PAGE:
Will stream for food. Netflix is looking to raise about $400 million, a move seen as a sign that it will continue to struggle. The entertainment company has seen its stock tumble and subscriber base shrink after it raised prices last summer. It has been spending a lot on old reruns and is also trying to get into the original-programming game to make its service more appealing. Details from The Wall Street Journal.

Murdoch watch. Embattled James Murdoch is back in the news, and out of a job. The News Corp. executive has resigned from the top position at News Group Newspapers Limited (publisher of The Sun) and Times Newspapers Limited (publisher of The Times and The Sunday Times.) More from the Telegraph. As the phone-hacking scandal continues to spread, the young Murdoch is also the center of another media inspection in The Daily Beast. You can thank me later.

Look out Conan! Bravo is moving into the late-night television game. "Watch What Happens Live," the network's twice weekly late show, is now going to run five days a week. The program, which is hosted by Bravo executive Andy Cohen, primarily serves as a platform to promote the network's heavy load of popular reality shows, including the "Real Housewives" franchise, and is most popular with women. It will have to broaden its guest list a little if Bravo wants it to be a serious contender in the late-night race. Coverage from The New York Times.

.

Nolte's rebound. It's been almost a decade since Nick Nolte was busted for drunk driving and posed for the mug shot seen round the world that made him, to this day, the butt of late-night TV jokes. But now Nolte is considered Oscar material for his performance in "Warrior" and is co-starring in the much-anticipated HBO series "Luck," about the horse racing game. The Daily Beast catches up with Nolte.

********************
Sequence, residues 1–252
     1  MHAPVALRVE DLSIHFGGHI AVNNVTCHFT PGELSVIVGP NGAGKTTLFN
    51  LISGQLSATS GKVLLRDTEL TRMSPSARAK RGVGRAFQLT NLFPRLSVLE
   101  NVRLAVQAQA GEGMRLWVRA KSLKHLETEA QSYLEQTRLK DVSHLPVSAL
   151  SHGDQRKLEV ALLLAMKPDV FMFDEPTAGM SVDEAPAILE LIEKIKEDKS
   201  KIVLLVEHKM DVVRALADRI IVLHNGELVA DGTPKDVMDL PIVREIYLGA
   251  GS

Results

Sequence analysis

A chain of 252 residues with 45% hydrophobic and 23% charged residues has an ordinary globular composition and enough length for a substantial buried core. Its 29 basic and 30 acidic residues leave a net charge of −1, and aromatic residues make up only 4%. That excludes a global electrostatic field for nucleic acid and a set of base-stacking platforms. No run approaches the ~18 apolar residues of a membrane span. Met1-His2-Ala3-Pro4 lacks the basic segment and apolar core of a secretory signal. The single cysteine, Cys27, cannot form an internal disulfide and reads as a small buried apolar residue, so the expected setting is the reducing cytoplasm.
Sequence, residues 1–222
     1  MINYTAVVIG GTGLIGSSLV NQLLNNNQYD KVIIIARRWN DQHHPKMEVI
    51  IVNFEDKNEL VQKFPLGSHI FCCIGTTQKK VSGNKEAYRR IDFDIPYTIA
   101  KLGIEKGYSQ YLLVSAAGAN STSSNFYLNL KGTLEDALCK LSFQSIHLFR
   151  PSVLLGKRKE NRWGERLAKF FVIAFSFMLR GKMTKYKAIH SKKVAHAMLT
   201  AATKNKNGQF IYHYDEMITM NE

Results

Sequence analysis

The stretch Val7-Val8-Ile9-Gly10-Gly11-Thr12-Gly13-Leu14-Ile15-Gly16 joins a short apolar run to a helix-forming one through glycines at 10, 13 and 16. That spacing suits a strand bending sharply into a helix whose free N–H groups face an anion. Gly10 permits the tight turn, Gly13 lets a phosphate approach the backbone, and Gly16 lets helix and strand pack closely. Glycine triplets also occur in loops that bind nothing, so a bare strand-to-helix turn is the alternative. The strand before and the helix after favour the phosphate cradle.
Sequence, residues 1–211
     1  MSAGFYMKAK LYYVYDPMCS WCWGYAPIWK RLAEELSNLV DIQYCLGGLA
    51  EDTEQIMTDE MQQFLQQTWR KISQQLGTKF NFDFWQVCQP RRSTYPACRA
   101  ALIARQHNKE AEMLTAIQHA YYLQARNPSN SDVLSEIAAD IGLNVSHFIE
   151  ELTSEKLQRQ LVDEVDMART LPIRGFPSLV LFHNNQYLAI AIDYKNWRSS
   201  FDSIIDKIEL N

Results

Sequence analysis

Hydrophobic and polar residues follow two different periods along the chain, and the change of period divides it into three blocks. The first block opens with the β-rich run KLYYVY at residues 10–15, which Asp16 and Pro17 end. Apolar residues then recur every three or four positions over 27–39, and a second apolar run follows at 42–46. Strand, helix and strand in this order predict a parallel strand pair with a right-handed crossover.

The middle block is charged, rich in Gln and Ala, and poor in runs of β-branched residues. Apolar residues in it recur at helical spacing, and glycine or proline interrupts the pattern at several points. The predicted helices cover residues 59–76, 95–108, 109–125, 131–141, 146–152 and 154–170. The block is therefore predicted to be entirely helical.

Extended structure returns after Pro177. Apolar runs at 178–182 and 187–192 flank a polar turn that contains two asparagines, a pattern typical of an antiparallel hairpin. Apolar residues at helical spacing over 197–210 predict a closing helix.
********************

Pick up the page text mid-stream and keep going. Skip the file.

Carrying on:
Inside the Los Angeles Times: Patrick Goldstein on the upcoming Warner Bros. movie "Gangster Squad." Steven Zeitchik reviews "The Doors" by rock critic Greil Marcus. Hugh Grant makes a splash at a Parliament hearing on phone hacking at News Corp.'s tabloid newspapers. Betsy Sharkey on "The Muppets" and Kenneth Turan on "Hugo.

— Joe Flint

Beat the holiday rush and follow me now on Twitter. Twitter.com/JBFlint

Democratic Propganda (which does not mean lies, look it up)

DEMS vs. GOP

Just a few accomplishments of the Democratic
House Majority:


HEALTH INSURANCE REFORM to recognize health
care as a right, not a privilege and put a stop to the
worst abuses by insurance companies including
discrimination against people with pre-existing
medical conditions. [OPPOSED BY 100 % OF
HOUSE REPUBLICANS]

THE STUDENT AID AND FISCAL RESPONSIBILITY
ACT to make the largest investment in college aid
in American history. [OPPOSED BY 100 % OF
HOUSE REPUBLICANS]

THE LILLY LEDBETTER FAIR PAY ACT to restore the
rights of women and other workers to challenge
unfair pay and help close the wage gap where
women earn 78 cents for every $1 that a man earns
in America. [OPPOSED BY A MAJORITY OF HOUSE
REPUBLICANS]

WALL STREET REFORM to rein in reckless practices
on Wall Street, end taxpayer-funded bail-outs and
"too big to fail" institutions, and protect and
empower consumers. [OPPOSED BY A MAJORITY
OF HOUSE REPUBLICANS]

Just one year of a failed Republican House Majority:

OBSTRUCTING JOB CREATION

o Failed to introduce a jobs plan and voted for budgets that would
cost nearly 2.5 million American jobs and voted against at least 17
times against Democratic e orts to create them.
o Republicans oppose the American Jobs Act which former John
McCain economic advisor Mark Zandi said would create 1.9 million
jobs
PROTECTING SPECIAL INTERESTS

o Voted three times to end the Medicare guarantee for seniors and
raise health care costs by $6,000.
o Repeatedly protected tax loopholes for Big Oil and
billionaires
EXTREME AGENDA TO APPEASE TEA PARTY

o Three times, House Republicans pushed our government
to the brink of a shutdown to put their radical agenda ahead
of the American people’s interests.
o Voted to repeal health insurance reform; Voted to defund NPR, PBS
and Sesame Street; Voted to classify pizza as a vegetable for school
children; Voted to defund Planned Parenthood and stop them from
o ering cancer screenings; Voted to protect companies that do
business with the Iranian regime
o Pushing plan to privatize Social Security
o Forced the Supercommittee to fail because they insisted on more
tax breaks for billionaires and Big Oil at the expense of the Medicare
guarantee and creating jobs.

While Republicans pursue their extreme agenda
that fails to create jobs, Democrats have an agenda
to be successful and a clear-eyed plan.